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Old 05-26-2011, 03:54 PM   #1
stevepgh
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Sep 2010
Pittsburgh, PA
Posts: 5


First of all, this forum is amazing and I have learned so much reading the posts here day after day. Thanks so much.

So... I recently brewed the partial mash version of the AHS Dunkelweizen kit. The beer has little to no phenol/ester flavors that I hoped would be pronounced after fermenting with WLP300 for that typical banana weizen taste .

The beer is quite young (~1 month since brew day) but weizens are supposed to best tasted fresh, right?. I fermented in a swamp cooler at roughly 68F and I pitched a nice sized starter: maybe 1L.

With now 10 or so batches under my belt, I'm getting a bit frustrated when the beer does not come out the way I hoped. How come there's no banana weizen flavor in this beer?

Should I have actually NOT used a starter, which would mean underpitching and an increase in fruity esters? Or is my ferm temp to blame? Thanks.

 
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Old 05-26-2011, 03:58 PM   #2
bh10
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Nov 2009
In the brewery, USA
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Ferment in the low 70's, I did mine at 74 and it was a banana bomb, I used no starter either, but I dount that played a factor.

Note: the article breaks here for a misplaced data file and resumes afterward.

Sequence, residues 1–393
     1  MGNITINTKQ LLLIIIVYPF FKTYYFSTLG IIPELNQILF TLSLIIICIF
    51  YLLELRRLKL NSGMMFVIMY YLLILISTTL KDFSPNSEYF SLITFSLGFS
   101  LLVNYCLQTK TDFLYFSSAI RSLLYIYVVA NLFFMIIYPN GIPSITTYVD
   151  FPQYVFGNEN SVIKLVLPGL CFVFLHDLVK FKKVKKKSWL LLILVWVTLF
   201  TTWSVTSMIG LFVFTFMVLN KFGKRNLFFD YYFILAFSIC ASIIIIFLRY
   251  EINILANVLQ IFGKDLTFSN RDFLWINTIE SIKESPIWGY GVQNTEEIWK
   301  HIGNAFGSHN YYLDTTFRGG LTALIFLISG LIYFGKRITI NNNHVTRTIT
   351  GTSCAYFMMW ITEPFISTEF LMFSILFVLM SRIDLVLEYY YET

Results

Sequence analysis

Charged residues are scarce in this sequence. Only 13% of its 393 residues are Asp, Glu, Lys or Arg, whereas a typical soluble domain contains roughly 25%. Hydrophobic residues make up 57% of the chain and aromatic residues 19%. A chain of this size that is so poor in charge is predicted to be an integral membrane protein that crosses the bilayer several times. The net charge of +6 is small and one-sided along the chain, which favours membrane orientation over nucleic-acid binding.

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Old 05-26-2011, 05:10 PM   #3
stevepgh
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Sep 2010
Pittsburgh, PA
Posts: 5

Thanks. Also, I feel as if I did not aerate the wort very well before pitching the yeast. Could this have any affect on the production of banana esters during fermentation?

 
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Old 05-26-2011, 06:21 PM   #4
AmandaK
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Feb 2010
KCMO
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From Brewing Better Beer:
Quote:
Esters can also be increased by reducing oxygen in the wort, raising the gravity or the wort, reducing fatty acids present, and increasing zinc levels. Higher fermentation temperatures, decreased pressures and decreased stirring can increase esters. In general, stressing the yeast during fermentation can increase esters.
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Old 05-26-2011, 07:08 PM   #5
sjbeerman
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Jan 2011
San Jose, CA
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Did you calculate your pitch rate before making the starter? What was your OG?
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Old 05-26-2011, 07:55 PM   #6
Simps
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Feb 2010
Indianapolis
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Personally I have found the higher the ferm temp, the stronger the . I have always had an issue with producing too much however. (I have fermented between 68-80F)

Most brewers are interested in balancing the spice with . I know Jamil offers a precise temp he feels creates the perfect balance, however I don't remember what that is so if someone has it please post it up.

One lesser known method of balancing these two flavors is using an acid rest. Apparently this creates the precursers to spicy phenols while lower ferm temp (I think around 64f) controls banana. Can anyone back me up on this?

Of course you didn't brew all grain so you probably can't use that info. Good luck!

 
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